If you want to help the local economy, shoo those in their 20s out of the family home. That's the unstated message of a study by Kelly Cunningham of the National University System Institute for Policy Research.
One thing dragging down the San Diego economy is the historically low household formation, says Cunningham. This dents the construction, finance, insurance, and real estate industries.
In recent years, more young people in their 20s cannot afford to move out of the family home because they are burdened by college debt and can't find a decent-paying job. Similarly, families and individuals doubling up (occupying the same home) holds down the homebuilding industry, which has historically been integral to the county's economy.
During the Great Recession and its weak aftermath, San Diego's average household size rose to 2.8, up from the historic level of 2.7, explains Cunningham. Because of this rise in average household size, for every population increase of 1000, the region needs 130 fewer homes than if the level were at the typical 2.7.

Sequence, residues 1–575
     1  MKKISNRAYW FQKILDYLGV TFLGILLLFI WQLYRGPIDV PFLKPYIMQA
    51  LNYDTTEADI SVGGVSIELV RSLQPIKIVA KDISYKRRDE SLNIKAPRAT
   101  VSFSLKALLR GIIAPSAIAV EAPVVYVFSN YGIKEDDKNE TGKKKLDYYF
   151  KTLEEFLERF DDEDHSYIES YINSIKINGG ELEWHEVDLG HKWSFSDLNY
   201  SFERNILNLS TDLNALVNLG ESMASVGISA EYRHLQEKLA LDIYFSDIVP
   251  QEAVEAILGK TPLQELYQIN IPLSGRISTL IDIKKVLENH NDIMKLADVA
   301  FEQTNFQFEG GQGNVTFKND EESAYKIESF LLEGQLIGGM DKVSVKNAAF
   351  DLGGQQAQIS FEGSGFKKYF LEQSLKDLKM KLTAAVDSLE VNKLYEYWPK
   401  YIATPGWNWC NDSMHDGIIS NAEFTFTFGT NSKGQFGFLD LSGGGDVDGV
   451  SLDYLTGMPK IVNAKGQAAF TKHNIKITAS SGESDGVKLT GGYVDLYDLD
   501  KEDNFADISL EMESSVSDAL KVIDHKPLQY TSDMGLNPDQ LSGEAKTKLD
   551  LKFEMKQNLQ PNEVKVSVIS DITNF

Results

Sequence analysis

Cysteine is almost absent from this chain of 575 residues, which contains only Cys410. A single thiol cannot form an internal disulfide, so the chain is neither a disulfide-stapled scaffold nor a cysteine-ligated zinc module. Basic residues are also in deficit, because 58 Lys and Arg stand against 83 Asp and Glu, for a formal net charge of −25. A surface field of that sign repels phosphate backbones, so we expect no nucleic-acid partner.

Prior to the Great Recession, there were more than 90,000 people employed in construction; that was down to 64,200 in April of this year. Similarly, at the peak, 84,000 were employed in finance, insurance, and real estate; in April, that number was down to 66,800.
The metro area's population has grown by 129,926 since the Great Recession, an increase of 4.2 percent. But household formations have only grown 1.7 percent. So, those working in industries related to housing are finding it harder to get jobs.
"Lower household formation, high unemployment, and tightened lending standards crushed the local residential building economy," says Cunningham.